Note

SSH keys are also used to authenticate on Git. We will use the SSH key again in the Git tutorial.

Obtaining the IP address

To tell SSH which computer to connect to, we need to know its IP address.

How do I know the IP address of a machine if I haven't connected to it yet?

Method 0: You don't have to.

If you are connecting to a computer in M2, there is a chance that the IP address is already stuck on the machine.

Method 1: Access the machine physically.

Attach a keyboard and display to the machine directly so that you can access the system terminal.

Run the command ifconfig to display the network configuration.

$ ifconfig
eno1      Link encap:Ethernet  HWaddr 1c:69:7a:63:fa:da
          ...
lo        Link encap:Local Loopback
          inet addr:127.0.0.1  Mask:255.0.0.0
          ...
wlp0s20f3 Link encap:Ethernet  HWaddr 98:af:65:e5:d6:a2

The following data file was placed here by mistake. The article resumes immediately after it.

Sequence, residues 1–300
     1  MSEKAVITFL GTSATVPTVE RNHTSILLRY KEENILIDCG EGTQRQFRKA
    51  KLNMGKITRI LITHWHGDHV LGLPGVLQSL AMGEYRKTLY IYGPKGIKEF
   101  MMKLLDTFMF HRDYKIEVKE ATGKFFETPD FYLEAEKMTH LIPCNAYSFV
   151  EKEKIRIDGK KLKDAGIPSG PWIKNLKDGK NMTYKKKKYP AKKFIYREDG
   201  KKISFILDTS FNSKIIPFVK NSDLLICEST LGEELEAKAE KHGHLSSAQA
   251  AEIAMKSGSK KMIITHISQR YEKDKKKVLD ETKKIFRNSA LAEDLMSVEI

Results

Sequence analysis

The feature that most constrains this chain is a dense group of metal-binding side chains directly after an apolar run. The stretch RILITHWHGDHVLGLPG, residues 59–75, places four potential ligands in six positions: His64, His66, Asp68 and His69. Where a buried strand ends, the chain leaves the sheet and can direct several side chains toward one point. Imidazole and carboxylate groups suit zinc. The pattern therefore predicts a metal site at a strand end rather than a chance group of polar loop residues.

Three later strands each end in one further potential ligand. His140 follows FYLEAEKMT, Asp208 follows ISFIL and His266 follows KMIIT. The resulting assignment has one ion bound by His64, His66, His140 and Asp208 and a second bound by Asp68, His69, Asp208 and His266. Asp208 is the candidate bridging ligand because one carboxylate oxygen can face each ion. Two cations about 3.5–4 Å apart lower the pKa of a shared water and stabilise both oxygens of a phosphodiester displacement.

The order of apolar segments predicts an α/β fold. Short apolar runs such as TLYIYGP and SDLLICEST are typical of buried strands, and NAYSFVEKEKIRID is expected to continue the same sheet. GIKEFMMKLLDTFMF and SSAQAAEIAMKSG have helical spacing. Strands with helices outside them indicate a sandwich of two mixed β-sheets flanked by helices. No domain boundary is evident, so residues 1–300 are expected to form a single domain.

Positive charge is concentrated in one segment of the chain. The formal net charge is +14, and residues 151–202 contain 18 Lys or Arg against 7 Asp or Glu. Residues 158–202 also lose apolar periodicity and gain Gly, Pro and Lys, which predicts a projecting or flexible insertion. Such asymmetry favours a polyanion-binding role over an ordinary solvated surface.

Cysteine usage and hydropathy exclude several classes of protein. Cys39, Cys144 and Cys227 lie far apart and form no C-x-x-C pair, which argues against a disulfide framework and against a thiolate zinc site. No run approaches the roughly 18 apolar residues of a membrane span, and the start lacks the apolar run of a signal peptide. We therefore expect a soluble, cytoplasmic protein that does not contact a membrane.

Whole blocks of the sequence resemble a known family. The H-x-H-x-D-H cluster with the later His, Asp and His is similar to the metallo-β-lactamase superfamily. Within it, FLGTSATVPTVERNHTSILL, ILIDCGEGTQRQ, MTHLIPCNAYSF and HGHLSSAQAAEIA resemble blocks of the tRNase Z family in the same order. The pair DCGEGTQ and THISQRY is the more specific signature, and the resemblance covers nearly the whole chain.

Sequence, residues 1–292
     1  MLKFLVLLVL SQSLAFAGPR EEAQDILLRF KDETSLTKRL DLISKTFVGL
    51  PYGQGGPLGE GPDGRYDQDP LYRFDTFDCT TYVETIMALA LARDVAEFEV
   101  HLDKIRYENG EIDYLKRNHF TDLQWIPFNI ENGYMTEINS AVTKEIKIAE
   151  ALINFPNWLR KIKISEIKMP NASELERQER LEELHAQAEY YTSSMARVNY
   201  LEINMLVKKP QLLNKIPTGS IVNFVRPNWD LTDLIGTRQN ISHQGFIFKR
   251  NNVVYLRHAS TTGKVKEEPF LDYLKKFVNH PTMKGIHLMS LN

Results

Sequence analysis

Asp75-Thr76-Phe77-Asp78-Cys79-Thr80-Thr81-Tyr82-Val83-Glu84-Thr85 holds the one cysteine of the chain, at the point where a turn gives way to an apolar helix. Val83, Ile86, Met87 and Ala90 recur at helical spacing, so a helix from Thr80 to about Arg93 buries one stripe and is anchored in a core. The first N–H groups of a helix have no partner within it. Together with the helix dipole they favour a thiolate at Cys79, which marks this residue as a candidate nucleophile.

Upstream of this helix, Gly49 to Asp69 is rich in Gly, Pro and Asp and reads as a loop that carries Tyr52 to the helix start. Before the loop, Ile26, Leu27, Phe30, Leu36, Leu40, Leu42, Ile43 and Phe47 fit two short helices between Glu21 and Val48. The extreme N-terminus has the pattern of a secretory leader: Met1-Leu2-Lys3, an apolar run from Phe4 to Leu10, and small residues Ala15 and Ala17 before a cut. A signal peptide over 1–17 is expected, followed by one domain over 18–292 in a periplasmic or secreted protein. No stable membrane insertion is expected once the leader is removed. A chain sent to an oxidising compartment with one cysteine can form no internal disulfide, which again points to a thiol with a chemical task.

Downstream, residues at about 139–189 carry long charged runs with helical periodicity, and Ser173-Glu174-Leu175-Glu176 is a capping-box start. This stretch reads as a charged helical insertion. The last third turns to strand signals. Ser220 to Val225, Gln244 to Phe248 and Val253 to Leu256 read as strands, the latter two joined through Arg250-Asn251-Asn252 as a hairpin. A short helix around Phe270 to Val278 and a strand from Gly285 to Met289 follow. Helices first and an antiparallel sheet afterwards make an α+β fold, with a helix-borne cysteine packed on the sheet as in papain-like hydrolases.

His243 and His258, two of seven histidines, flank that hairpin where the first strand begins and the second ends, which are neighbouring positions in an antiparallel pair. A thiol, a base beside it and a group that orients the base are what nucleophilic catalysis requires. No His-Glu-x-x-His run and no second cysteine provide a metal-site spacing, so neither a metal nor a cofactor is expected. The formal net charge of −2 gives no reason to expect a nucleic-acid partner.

inet addr:192.168.1.8  Bcast:192.168.1.255  Mask:255.255.255.0
          ...

Each inet addr corresponds to a network interfaace. Usually wired networks start with e (e.g. eth0, enp2s0), and wireless networks start with w. In M2, usually, IP addresses start with 192.168.. Look at the address starting with inet addr: (not broadcast).

Method 2: Use the router web interface.

If both local and reomte machines are connected to the same network, you can find the IP address from the router.

How do I access the router web interface?

Look at the default gateway address.

Use ip route show and look for the default line.

$ ip route show | grep "default"
default via 192.168.1.1 dev wlp0s20f3  proto static  metric 600

Method 3: Scan the local network for the device. (Optional)

Connecting to a server

Use the command ssh <remote username>@<remote hostname>.

If you are prompted for "authenticity cannot be established", type "yes".

To avoid typing the password every time, run this command the first time: